Caracas, December 14, 2009 (Venezuelanalysis.com) – Venezuelan President Hugo Chavez considered recent declarations by U.S. secretary of state Hilary Clinton, as “signs of an imperialist offensive” which aims to stop the growth of progressive forces in the region and recover control over its “backyard”.
Last Friday Clinton told a state department briefing on Latin American relations that countries in the region should “think twice” before increasing ties with Iran, citing Venezuela and Bolivia in particular.
“If people want to flirt with Iran they should take a look at what the consequences might well be for them. And we hope that they will think twice,” she said.
“We can only say that is a really bad idea for the countries involved,” Clinton warned.
Speaking at the summit of the Bolivarian Alliance for the Peoples of Our America (ALBA) as it met in Havana, Cuba on Sunday, Chavez insisted that the statements are an open threat, an indication of the imperialist offensive reflected in the installation of seven U.S. military bases in Colombia and the coup in Honduras.
“These statements are threats, especially against Venezuela and Bolivia, and against the whole of ALBA” he said.
Iran has strong diplomatic and trade ties with Venezuela and has also recently strengthened its relations with Brazil, Ecuador, Bolivia and Nicaragua. The Iranian President Mahmoud Ahmadinejad visited Brazil, Bolivia and Venezuela in late November.
At the time Brazilian President Luiz Inacio Lula da Silva said Brazil recognised Iran's right to develop a peaceful nuclear programme.
Both the Brazilian and Bolivian governments made statements rejecting Clinton’s comments on Saturday.
For the Venezuelan president, Clinton’s threats oblige ALBA countries to consolidate their process of regional integration.
“We must strengthen ALBA and consolidate it from all points of view,” he said.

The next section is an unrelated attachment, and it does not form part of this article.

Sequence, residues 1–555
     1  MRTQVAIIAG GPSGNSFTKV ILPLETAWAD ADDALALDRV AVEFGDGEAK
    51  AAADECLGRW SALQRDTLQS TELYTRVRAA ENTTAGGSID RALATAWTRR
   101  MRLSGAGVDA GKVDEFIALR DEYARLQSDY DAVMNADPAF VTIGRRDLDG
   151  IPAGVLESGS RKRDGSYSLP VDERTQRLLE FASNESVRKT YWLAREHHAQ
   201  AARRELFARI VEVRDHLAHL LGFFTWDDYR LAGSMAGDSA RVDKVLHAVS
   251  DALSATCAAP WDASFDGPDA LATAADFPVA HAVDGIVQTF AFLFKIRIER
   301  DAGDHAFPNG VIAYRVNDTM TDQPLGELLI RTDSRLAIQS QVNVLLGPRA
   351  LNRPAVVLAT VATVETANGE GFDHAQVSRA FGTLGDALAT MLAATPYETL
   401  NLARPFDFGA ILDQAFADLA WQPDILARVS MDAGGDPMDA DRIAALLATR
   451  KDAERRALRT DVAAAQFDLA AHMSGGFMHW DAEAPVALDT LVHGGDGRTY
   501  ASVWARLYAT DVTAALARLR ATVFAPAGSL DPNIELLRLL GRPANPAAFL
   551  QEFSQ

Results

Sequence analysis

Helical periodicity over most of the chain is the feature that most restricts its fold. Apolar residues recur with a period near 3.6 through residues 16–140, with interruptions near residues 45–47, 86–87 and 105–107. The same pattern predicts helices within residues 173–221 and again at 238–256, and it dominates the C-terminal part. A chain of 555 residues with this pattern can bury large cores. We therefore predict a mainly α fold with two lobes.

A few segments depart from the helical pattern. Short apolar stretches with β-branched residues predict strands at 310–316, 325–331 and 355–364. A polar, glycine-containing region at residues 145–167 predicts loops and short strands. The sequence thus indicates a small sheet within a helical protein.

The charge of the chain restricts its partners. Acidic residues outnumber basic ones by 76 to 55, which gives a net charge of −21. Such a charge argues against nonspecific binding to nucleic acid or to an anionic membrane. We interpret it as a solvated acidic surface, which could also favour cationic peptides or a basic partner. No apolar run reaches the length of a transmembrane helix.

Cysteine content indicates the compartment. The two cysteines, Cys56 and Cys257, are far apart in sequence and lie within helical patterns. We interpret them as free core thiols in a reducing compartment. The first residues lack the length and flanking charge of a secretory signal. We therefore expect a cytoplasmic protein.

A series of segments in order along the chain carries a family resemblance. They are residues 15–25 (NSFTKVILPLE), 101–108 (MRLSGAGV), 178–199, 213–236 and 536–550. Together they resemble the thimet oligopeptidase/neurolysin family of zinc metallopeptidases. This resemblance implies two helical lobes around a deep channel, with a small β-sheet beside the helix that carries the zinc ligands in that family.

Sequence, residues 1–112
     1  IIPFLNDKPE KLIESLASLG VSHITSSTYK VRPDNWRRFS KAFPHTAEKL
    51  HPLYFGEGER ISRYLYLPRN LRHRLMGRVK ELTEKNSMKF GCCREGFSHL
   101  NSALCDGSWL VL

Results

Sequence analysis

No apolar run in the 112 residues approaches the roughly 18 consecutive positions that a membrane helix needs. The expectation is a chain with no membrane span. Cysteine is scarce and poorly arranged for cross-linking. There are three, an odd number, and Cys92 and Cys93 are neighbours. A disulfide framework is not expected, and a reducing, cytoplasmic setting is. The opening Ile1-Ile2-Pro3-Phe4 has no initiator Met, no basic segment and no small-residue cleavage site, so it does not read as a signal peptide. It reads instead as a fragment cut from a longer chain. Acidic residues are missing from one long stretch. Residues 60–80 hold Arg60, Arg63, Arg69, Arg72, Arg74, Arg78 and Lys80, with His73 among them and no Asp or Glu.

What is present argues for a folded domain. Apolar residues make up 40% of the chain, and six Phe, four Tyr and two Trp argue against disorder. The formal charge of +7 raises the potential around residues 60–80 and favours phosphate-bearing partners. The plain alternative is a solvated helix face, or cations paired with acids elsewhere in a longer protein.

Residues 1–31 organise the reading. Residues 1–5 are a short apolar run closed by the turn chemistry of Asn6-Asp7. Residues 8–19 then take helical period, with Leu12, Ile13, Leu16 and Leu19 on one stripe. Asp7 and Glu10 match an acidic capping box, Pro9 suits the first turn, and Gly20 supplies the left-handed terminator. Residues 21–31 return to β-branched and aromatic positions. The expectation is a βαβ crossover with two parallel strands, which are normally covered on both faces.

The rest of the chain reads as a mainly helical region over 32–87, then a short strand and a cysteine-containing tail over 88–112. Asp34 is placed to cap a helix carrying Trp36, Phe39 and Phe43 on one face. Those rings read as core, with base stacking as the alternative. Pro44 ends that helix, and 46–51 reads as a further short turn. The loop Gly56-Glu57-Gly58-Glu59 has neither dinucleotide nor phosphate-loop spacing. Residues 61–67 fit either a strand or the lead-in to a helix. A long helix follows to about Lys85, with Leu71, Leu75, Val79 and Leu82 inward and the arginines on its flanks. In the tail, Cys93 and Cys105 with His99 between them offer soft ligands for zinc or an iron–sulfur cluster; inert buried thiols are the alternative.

Bolivian President Evo Morales rejected Clinton’s comments and reiterated he would not accept any kind of threat or warning from the U.S. government.
The Latin American leaders also criticised the U.S. role in Honduras, where the democratically elected President Manuel Zelaya was ousted in a military coup in June.
Amidst reports of massive fraud, ballot stuffing, an abstention rate of 70% and at least one death, the coup regime carried out elections in a U.S. backed process on November 29.
However, the majority of Latin American governments, including Brazil and Argentina have refused to recognise the outcome, categorising the elections as simply an attempt to legitimise the coup.
Clinton defended Washington’s role as a “pragmatic, principled, multilateral approach”.
However, Cuban president Raul Castro slammed the U.S. for presiding over an “electoral farce.”
Latin American countries have also criticised the Obama administration for its failure to condemn the human rights violations carried out by the coup regime.
At least two protestors active in the resistance to the coup have been killed since the “elections” in Honduras: Santos Corrales García, who was last known to be in police custody after being arrested on December 5 and whose decapitated body was found on Friday and human rights defender Walter Trochez, who was shot in the chest by a drive-by gunman on Sunday, after earlier recounting that he had escaped a kidnapping attempt December 4 after suffering several hours of beatings and threats by masked men.